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How to fit skirting boards

Posted by BC Profiles on

Skirting boards are essential in most homes, offering a decorative border on walls whilst also helping aid the natural expansion that takes place in a house. Whether you’re looking to fit skirting boards in a new home, or you’re planning on replacing old skirting boards, we’re here to help ensure you get the job done. In this guide, we’re looking at how to fit skirting boards, how to paint skirting boards and how to remove skirting boards, with expert tips from the BC Profiles team.

Let’s get started.

What tools do I need to fit a skirting board?

Materials Tools
Skirting Board Mitre Saw/Mitre Box
Adhesive Pencil
Screws Coping Saw
Drill Tape Measure
Wood Filler Silicone Gun
Decorators caulk Hammer

How To Fit Skirting Boards

Step 1: Carefully measure the area that you’re adding skirting boards to, we advise adding an additional 20% to the figure as a contingency for cuts.

Step 2: Clearly mark on each piece of skirting which side you want to face into the room and which way up the board should go.

Step 3: How to cut skirting boards: Start with your straight edge cuts. These are the boards that have square-edge cuts at either end (usually used for either side of the chimney breast). Measure the amount you need and cut using a mitre saw or mitre box.

Step 4: How to attach skirting boards: The most common way to attach skirting is with instant-grab adhesive. Apply blobs of adhesive along the board and press firmly onto the wall, taking care to wipe away any excess adhesive from the wall. If you prefer to use screws, mark the position of the wooden studs and using a pilot drill, drill the wall at these points. The screws should be long enough to go through the board and go in at least 3cm into the wall or studs. Cover the holes with wood filler before painting over.

Step 5: Once your straight edge skirting board is on the wall, it’s time to look at scribing your next board. To scribe skirting board, cut a 45-degree angle into the board you’re using with a mitre saw or box. Use a coping saw to cut away the waste section and you will be left with a skirting board that will slot into the section already attached to the wall. This can be a tricky job so, we recommend practising with a piece of off-cut before going for the real thing.

Step 6: Ensure that your scribed skirting board fits cleanly into the one already attached to the wall. If you are happy with the fit, mitre the other end of the board to fit the space and attach using step 4. You should always attach a square end to the scribed end, never scribe both.

Step 7: How to fix skirting boards: If you have an external corner, mitre both pieces of your skirting board at a 45-degree angle to ensure a neat join. To do this, measure both boards to the corner and mark the length on the back of the boards before using the mitre to cut. Ensure that the second board you cut is in the opposite direction to the first so that they meet when placed together. We recommend fitting external corners in pairs so that you can adjust to fit the boards together, this is less hassle than trying to cut a board to fit an already attached board.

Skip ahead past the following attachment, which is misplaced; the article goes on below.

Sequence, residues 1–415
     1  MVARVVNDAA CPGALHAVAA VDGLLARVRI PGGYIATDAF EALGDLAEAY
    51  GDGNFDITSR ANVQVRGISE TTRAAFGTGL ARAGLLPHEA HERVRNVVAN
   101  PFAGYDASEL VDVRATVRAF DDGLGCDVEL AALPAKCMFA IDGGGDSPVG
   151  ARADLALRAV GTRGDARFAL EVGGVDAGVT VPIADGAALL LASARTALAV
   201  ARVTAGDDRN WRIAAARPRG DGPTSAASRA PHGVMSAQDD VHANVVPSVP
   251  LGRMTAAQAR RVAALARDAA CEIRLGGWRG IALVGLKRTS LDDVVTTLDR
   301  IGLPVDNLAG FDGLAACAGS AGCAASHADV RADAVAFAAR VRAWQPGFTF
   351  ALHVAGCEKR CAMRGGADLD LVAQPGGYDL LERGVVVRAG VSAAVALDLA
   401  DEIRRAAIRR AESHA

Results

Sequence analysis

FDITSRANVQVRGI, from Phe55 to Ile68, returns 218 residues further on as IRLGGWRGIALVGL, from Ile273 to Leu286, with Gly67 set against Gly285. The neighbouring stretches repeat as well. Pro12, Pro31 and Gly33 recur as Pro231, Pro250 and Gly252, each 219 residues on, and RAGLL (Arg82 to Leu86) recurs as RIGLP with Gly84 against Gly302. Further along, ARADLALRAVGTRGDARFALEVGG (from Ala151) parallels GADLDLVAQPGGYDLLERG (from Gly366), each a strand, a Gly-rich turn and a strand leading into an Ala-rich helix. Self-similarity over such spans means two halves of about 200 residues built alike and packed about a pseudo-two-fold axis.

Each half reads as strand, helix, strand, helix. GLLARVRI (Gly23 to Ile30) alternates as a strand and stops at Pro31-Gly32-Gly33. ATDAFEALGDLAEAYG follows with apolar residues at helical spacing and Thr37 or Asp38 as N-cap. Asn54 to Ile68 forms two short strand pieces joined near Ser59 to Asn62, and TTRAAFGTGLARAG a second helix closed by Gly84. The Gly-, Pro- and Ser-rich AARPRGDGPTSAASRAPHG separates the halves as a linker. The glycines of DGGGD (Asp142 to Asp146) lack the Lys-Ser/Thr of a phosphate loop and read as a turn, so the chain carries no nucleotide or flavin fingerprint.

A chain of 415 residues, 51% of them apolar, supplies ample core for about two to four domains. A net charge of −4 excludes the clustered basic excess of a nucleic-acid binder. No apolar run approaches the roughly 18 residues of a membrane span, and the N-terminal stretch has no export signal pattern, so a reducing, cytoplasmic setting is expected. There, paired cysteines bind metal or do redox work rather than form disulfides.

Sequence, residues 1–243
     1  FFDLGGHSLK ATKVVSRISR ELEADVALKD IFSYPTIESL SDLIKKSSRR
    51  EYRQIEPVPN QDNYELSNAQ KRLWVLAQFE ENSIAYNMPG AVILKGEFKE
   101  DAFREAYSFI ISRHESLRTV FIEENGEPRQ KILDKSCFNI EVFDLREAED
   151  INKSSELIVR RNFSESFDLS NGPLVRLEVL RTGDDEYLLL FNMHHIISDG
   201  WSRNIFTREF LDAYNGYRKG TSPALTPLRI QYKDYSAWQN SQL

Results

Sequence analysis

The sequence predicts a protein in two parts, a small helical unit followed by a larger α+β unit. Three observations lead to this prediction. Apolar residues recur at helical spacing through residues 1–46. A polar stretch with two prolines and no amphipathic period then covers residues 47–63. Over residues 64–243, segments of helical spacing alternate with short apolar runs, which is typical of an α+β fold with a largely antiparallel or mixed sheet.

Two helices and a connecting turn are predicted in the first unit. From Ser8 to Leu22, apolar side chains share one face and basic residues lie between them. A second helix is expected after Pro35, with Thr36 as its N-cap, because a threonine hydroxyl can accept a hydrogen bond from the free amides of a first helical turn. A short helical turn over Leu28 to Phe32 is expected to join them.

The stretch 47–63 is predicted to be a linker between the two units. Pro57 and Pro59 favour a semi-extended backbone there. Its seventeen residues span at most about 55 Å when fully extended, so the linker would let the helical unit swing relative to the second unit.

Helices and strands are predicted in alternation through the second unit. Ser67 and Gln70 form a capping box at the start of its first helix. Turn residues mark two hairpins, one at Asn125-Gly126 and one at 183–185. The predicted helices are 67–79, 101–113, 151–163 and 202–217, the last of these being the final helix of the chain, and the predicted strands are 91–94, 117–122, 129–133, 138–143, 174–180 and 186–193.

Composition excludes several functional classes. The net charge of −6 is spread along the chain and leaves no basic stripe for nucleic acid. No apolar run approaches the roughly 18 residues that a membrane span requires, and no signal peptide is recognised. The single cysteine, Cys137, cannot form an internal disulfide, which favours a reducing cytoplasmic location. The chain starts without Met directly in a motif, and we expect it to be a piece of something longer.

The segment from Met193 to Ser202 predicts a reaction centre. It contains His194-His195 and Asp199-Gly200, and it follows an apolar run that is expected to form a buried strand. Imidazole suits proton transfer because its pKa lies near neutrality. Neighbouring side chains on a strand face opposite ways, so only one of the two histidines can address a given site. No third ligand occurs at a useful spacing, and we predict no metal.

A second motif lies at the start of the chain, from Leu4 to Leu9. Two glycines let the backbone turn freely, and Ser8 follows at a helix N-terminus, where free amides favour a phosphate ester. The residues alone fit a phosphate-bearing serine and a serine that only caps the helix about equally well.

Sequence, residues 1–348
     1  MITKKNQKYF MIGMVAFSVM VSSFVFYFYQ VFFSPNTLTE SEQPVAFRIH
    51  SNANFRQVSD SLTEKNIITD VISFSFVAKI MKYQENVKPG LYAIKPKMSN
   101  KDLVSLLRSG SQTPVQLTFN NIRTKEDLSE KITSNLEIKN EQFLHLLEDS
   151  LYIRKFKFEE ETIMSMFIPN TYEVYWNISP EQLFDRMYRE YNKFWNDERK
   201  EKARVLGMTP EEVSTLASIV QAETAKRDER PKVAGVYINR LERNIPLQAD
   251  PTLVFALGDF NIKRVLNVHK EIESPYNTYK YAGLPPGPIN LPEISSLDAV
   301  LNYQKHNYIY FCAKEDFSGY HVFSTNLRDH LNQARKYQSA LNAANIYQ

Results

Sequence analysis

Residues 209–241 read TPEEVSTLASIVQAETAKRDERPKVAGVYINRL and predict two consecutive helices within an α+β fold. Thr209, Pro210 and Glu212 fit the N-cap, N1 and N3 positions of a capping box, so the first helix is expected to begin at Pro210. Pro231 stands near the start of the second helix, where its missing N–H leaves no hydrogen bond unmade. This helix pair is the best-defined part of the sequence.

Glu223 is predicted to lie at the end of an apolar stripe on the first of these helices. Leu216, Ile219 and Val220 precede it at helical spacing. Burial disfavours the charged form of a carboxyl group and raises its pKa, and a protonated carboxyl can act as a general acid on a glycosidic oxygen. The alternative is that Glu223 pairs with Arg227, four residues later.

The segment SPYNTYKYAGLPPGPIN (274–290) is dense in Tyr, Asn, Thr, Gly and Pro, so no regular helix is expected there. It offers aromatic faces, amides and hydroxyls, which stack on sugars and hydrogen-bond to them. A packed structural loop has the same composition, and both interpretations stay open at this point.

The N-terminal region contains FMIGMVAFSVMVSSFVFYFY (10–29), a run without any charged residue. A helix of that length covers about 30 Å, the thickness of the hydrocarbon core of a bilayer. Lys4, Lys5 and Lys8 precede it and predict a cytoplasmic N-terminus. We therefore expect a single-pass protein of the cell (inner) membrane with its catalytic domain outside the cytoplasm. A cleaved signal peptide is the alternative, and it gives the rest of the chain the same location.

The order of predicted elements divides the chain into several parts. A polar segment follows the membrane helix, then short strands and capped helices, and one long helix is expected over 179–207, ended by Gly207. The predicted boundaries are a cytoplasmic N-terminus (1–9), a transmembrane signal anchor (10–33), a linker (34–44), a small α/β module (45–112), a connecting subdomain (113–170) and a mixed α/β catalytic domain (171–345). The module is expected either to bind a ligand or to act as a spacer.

Step 8: Once your boards are fixed to the wall, fill any gaps between the wall and the top of your skirting board with decorator’s caulk. Run a damp finger along the join to ensure a neat finish and allow to dry before painting your chosen colour.

How to paint skirting boards

Once your skirting boards are fixed to the wall, it’s time to paint them. As a general rule, your skirting board should follow the same colour tone as the wall - to play it safe, opt for a crisp white. A 2-inch (5cm) brush is ideal for most skirting boards.

  1. Sand your surface to give the paint a good surface to bond, this will also help prevent chipping in the future. Use a dry, soft brush to remove any loose dust or debris.
  2. If your skirting boards are dirty, use a solution of mild soap and water to give them a good clean before painting. We find sugar soap works well for this.
  3. Apply masking tape around the edge of the floor to help create clean lines with a crisp finish. If painting skirting boards with carpet on the floor, ensure you press the edge of the tape down to stop paint slipping underneath the tape.
  4. Start painting by working the paint into the brush up to half of the bristles. WIpe any excess paint away and cut into the top of the skirting first. Apply your paint evenly, working in sections around a metre long. Your final stroke should be along the length of the board.
  5. Once dry, apply a second coat.
  6. Once the second coat is dry, remove the tape carefully. If you have placed masking tape along the carpet, press down on the edge of the tape to break the seal to ensure a clean finish.

How to remove skirting boards

Skirting Board Removal Tools
Chisel
Hammer
Wrecking Bar
Trimming Knife

Step 1: Loosen the skirting board by running your trimming knife along the top of the board where it joins the wall. This will stop the paint on your wall from sticking to the board as you remove it.

Step 2: Use a hammer to carefully ease the chisel between the skirting board and the wall, start at one end and work your way along.

Step 3: One the board is loose, use the wrecking bar to pry it off the wall. If you’ve attached the board using screws, professionals advise pushing the board off against the wall stud. This offers more support and helps avoid plaster being damaged.


For the tools you need to get the job done, choose BC Profiles. We have thousands of products in stock from the biggest manufacturers, with over 25 years of industry experience. From skirting boards to drainage and PVC building materials, you’ll find everything you need right here.